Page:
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Developing Business to Business (B2B)


Building on the community contributions made at “Elm” to activate the values of partnering with the entrepreneur community, and in line with the current crisis, Elm has established a series of regular and virtual webinars. In this 22nd webinar titled, “Developing Business to Business (B2B)” we hosted Eng. Mazen Alzamil, who explained the distinction between Business to Consumer (B2C) and B2B, the classification of targeted companies, and the distinctions that must be taken into consideration when targeting B2B.

B2B vs. B2C

Every now and then, a number of new business model terms are developed; creating wide confusion about their exact definition and meaning. Two of these terms that must be distinguished are B2C and B2B. The first term, B2C, refers to delivering a final product, whereas the latter, B2B, refers to trading within the business sector among companies.

The following presents details on B2B.

Classification of Targeted Companies

Targeted companies can be classified into three categories:

Sales of supply chains and beneficiary companies: such as raw materials, consumables, spare parts, etc.

Sales of wholesale/distribution: companies that purchase from larger companies and distribute among sales points.

Sales of tech services: such as apps and digital services.

To what extent the business operation within B2B is profitable?

Statistics indicate that the volume of business exchange, in the technological field, within B2B, is expected to reach 1.8 trillion dollars by 2023. This is three times more than the amount expected to be generated within B2C, which is estimated at 600 billion dollars by 2024. One example of the huge volume of business exchange among companies is when Apple purchased processors for its devices and batteries from Samsung. Such activities indicate that companies can benefit from each other in business.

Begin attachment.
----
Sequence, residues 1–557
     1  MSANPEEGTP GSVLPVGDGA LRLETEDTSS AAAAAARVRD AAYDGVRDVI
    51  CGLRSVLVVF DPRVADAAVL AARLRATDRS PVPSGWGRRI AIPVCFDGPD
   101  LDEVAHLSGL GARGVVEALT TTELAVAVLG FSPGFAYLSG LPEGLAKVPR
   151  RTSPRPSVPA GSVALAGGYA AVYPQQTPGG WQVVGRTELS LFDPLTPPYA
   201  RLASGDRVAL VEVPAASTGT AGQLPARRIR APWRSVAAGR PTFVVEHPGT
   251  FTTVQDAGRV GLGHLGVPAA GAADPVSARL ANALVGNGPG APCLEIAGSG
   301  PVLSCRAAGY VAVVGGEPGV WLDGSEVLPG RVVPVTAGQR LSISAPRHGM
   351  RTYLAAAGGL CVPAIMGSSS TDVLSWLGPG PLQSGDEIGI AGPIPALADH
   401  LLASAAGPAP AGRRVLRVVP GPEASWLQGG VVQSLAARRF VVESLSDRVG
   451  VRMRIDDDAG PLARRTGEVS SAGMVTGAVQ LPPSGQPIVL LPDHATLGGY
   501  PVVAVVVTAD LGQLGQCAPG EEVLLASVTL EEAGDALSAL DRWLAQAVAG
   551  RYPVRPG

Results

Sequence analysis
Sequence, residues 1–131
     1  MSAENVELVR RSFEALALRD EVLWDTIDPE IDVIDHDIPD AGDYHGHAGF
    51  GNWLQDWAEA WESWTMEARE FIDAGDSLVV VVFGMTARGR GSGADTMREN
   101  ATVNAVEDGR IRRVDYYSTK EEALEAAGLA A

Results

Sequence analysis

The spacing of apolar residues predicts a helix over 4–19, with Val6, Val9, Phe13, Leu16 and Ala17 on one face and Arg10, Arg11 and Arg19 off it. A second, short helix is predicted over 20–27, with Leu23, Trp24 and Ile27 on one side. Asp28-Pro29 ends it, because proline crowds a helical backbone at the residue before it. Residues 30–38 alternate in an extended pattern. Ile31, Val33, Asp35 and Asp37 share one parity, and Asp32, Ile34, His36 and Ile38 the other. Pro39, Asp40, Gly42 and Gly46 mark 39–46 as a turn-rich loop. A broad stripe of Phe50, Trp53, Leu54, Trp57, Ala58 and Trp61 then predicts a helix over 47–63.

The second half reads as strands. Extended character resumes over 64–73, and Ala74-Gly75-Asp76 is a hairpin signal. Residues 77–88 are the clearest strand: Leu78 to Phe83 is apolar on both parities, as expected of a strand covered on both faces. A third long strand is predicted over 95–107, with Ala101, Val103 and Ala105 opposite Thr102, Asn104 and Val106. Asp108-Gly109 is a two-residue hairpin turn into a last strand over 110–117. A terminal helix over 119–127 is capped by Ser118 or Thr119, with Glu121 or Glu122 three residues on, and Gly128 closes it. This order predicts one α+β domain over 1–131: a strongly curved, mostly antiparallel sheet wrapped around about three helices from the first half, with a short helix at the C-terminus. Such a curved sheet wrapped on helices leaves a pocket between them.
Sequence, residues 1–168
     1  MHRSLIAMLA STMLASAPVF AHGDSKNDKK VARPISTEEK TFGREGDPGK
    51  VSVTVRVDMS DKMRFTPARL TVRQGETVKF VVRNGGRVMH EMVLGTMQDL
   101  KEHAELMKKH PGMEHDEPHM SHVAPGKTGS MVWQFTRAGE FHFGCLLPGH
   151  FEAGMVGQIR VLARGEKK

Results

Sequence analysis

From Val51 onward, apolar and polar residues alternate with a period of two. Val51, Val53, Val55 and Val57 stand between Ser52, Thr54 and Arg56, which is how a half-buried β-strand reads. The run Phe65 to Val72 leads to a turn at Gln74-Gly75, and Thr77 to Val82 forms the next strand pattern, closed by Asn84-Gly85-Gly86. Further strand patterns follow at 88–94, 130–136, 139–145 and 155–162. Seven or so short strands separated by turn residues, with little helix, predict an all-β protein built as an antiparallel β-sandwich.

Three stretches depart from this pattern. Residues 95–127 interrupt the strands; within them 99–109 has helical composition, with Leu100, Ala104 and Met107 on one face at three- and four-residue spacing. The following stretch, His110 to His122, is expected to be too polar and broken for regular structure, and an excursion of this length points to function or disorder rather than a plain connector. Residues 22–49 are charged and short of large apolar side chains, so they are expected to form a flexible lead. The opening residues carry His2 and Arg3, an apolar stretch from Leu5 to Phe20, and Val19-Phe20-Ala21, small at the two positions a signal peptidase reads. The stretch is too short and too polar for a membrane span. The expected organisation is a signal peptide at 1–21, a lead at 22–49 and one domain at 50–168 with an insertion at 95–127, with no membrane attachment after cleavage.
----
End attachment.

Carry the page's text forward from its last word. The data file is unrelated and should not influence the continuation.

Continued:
Distinctions to be taken into consideration when targeting B2B

When targeting B2B, it is important to take into consideration some terms that will contribute to developing an appropriate business model that aligns with B2B. These terms are:

  • Company added value: what distinguishes the company’s product from other products.

  • Account-based marketing: a strategy that directs the product to a particular group of targeted customers.

  • Sales empowerment: a regular process that provides a sales team with the resources necessary to make more deals.

  • Sales operations: concern with the tools requested by the sales manager in terms of pricing readiness for expected deals, and recognition of expected deals that change into long-term contracts.

  • Customer relationship management is a system that helps companies improve their relationships with existing customers and to acquire new customers within a short period of time.

  • Account managers: these managers manage the relationship with customers.